13 April 2009

The Hidden Roasting Method - Part 1 - The Equipment

First, the equipment.  There are many types of rice cookers on the market, some of which are very fancy and can cook an entire meal at once.  My rice cooker is a simple one with two buttons:  cook and warm/off.  I bought it at Costco 3 years ago for about $40, putting it in the budget category.  However, it's simple to operate and has a non-stick interior surface.  This type of rice cooker is the most common type currently being used.  A small heating element at the bottom of the cooker engages with the metal container holding the rice and water, heating the container and cooking the rice.

               rice cooker  My Aroma brand cooker

The other major type of rice cooker, one that has a cult following, is the Taiwanese Datong/Tatung brand.  The type of rice cooker that most people associate with this brand is one in which there is a small, removable, metal container inside of the rice cooker that is quite a bit smaller than the cooker.  Rice is placed inside of this small container, which is in turn placed inside the cooker.  Water is added not into the container, but into the space between the rice cooker's interior walls and the container.  The heating element at the bottom of the cooker heats the water and the rice is cooked by the steam that is generated.  Below is my lovely, artistic rendition of the process:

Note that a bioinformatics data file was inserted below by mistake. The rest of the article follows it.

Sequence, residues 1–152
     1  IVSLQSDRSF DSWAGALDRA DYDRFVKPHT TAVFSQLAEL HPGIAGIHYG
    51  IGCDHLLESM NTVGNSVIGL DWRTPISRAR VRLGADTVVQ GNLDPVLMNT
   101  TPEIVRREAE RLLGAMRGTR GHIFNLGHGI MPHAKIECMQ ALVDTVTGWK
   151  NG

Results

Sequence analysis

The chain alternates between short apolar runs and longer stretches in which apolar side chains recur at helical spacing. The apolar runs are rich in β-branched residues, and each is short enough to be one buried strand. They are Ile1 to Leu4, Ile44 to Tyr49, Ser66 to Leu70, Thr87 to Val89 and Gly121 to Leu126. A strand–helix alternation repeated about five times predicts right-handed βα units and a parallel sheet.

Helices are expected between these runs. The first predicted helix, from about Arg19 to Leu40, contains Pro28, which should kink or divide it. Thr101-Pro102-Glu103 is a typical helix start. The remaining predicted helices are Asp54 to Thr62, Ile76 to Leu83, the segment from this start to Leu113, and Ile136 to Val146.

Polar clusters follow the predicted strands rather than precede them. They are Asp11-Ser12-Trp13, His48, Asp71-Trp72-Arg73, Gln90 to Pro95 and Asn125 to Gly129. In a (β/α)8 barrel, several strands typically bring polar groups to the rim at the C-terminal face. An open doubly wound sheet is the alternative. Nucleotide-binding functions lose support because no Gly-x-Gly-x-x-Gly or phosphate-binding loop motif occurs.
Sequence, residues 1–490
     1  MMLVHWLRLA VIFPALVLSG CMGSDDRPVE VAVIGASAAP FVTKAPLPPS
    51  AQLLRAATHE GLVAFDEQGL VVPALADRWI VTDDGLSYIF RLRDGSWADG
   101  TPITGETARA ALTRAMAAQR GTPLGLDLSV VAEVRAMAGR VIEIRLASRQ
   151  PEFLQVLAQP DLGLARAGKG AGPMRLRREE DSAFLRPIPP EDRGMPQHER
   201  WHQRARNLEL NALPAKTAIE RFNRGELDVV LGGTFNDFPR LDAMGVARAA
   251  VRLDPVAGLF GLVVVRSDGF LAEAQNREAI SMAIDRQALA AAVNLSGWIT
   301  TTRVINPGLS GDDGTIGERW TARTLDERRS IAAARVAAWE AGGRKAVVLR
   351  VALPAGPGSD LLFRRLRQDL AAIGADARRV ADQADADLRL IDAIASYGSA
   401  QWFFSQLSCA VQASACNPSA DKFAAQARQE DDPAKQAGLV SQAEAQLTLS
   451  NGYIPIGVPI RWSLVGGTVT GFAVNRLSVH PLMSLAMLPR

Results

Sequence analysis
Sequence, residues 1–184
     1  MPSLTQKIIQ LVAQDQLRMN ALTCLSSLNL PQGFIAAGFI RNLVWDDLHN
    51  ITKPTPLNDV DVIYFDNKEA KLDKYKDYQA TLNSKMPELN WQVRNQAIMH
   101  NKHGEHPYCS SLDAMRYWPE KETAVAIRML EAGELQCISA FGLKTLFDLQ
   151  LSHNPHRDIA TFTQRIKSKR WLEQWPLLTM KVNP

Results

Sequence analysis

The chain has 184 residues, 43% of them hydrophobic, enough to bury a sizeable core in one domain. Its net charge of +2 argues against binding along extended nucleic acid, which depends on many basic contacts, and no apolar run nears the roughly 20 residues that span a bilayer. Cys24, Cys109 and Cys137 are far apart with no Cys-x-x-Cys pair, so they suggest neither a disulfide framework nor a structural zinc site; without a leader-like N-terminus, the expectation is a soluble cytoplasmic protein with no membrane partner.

taitung style cooker - complete

Fans believe that the Tatung steam cookers make rice that is fluffier and have a better texture than through induction-heat cookers.  I will say that when my Costco-bought rice cooker makes rice, the top layer is dry because it's without water as the rest of the rice cooks, while the bottom layer is more moist because it's been in contact with water the longest. 

Alternatively, the problem with the Tatung cookers is that the rice at the bottom of the container gets too hot and sticks to the bottom, often turning brown.  Many people do not mind this; my friends' dad likes to pick it out and eat it like a wafer.  With Korean stone pot rice at restaurants, the waitress will bring tea for you when you've finished your rice so that you can mix it with the hard rice that is stuck to the bottom, turning it into a light rice soup.  In Cantonese claypot rice dishes, the crunchy, stuck-on rice at the bottom of the bowl has a texture that many people love.

                   taitung   Tatung-brand rice cooker

In Part 2, which will probably not be the next post, I'll talk about some of my initial experiences with rice cooker tea roasting.  Look for it!

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